causes no long-term problems if it is treated early in the course of the
infection before any complications develop. Untreated gonorrhea can lead to
antibiotics. Treatment is
- A person who has a positive gonorrhea
- Anyone who has had sexual contact in the past 60 days with a
person diagnosed with gonorrhea, whether or not they have symptoms or used
- A newborn whose mother has gonorrhea at the time of
If you are prescribed more than one dose of an
antibiotic, be sure to take your antibiotic exactly as directed. If you miss
doses or don't take the full course of medicine, the gonorrhea infection may
not be cured.
Do not have sexual contact with anyone:
- While you are being
- Until both you and your partner(s) have been tested and
treated. If you are treated for gonorrhea and your sex partner is not, you will
probably become infected again.
If your treatment is a single dose of antibiotic, wait at
least 7 days after taking the dose before having any sexual contact.
Always use a
condom when you have sex. This helps protect you from
sexually transmitted infections.
Treatment if the condition does not get better
Symptoms that do not go away after treatment may be caused by another
gonorrhea infection or treatment failure.
Certain strains of the gonorrhea bacteria have become
resistant to some antibiotics, including quinolones,
penicillin, tetracycline, and sulfa drugs. When bacteria become resistant to an
antibiotic, they no longer can be killed by that medicine.3
If you have been treated for gonorrhea and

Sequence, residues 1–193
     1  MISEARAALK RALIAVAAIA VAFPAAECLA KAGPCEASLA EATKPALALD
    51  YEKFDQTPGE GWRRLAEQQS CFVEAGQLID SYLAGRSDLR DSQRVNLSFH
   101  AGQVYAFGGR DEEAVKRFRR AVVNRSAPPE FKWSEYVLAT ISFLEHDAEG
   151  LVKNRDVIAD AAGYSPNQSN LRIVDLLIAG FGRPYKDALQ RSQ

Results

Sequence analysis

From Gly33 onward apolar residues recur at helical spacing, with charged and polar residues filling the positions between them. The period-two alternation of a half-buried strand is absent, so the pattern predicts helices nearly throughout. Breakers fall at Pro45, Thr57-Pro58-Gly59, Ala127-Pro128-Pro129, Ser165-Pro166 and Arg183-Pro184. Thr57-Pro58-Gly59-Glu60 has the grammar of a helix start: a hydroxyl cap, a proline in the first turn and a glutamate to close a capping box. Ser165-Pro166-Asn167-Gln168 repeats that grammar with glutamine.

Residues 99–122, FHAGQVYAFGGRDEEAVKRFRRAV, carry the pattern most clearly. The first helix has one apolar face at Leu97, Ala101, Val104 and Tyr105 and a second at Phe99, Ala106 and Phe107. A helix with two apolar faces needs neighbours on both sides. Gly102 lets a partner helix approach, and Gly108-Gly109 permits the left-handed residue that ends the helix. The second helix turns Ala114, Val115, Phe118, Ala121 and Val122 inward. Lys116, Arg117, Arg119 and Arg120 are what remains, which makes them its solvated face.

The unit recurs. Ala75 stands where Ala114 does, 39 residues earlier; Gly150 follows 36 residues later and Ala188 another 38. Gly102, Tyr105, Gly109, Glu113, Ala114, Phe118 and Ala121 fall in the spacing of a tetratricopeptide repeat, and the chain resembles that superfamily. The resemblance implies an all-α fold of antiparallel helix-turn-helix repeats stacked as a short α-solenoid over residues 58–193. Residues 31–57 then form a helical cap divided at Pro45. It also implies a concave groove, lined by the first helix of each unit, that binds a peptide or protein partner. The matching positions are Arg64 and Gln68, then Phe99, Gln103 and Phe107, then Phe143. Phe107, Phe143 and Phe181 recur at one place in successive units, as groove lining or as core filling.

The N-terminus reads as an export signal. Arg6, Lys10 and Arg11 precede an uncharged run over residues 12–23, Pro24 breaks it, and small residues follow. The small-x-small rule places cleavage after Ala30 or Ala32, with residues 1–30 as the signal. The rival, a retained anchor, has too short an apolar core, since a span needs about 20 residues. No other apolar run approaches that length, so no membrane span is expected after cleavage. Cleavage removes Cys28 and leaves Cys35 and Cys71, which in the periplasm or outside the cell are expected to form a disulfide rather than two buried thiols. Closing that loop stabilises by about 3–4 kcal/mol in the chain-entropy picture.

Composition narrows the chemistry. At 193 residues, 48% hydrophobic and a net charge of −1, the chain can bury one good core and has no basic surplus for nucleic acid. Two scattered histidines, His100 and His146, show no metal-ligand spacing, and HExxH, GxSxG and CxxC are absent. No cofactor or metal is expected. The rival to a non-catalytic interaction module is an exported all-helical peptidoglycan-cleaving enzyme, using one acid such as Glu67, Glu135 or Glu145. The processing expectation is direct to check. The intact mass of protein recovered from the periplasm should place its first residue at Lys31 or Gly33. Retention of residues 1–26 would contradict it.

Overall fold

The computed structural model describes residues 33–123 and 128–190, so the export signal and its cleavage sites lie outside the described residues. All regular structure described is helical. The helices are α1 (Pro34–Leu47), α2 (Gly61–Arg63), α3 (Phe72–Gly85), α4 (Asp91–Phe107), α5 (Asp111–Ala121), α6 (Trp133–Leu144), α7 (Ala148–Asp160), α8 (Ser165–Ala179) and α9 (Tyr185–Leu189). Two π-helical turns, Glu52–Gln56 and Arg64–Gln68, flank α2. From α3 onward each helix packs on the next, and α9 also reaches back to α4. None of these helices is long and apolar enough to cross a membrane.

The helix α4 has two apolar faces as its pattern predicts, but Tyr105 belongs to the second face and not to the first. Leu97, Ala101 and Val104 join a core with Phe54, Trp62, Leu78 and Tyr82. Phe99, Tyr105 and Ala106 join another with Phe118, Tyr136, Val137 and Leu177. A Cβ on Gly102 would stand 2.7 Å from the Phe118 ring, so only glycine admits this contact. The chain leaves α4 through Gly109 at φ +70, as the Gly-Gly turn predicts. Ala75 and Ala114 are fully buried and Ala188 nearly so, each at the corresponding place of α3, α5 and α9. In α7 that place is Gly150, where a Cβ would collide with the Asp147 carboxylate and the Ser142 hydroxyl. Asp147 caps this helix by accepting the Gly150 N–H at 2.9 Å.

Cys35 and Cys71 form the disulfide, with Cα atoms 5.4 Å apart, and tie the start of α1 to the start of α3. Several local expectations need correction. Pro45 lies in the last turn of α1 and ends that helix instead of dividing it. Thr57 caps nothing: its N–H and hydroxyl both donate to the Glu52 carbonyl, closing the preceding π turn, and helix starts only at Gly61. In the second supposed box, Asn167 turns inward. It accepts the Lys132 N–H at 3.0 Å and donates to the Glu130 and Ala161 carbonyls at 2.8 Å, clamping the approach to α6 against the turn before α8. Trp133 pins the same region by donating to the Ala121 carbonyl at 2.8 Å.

don't get better, you may be retested with a
gonorrhea culture to see if there is bacterial
resistance to the antibiotic you were taking. If there is bacterial resistance,
you will need another antibiotic to cure the infection.
What to think about
To prevent reinfection, don't
have sex until any partner that might be infected is tested and
Some people who have
gonorrhea also have
chlamydia. The U.S. Centers for Disease Control and Prevention (CDC) recommends that drug treatment for
gonorrhea also include antibiotics that are effective in treating chlamydia.
For more information, see the topic
Pelvic inflammatory disease (PID) is a serious
complication of gonorrhea that can lead to
infertility, chronic pelvic pain, and
ectopic pregnancy. To prevent PID, prompt treatment of
gonorrhea is important. For more information, see the topic
Pelvic Inflammatory Disease (PID).
Disseminated gonococcal infection (DGI) occurs when the
gonorrhea infection spreads to sites other than the
genitals, such as the joints, skin, heart, or blood. Treatment of
requires hospitalization and antibiotic treatment given
intravenously (IV) or into a muscle (intramuscularly,
In the United States, your doctor must report to the state health
department that you have gonorrhea.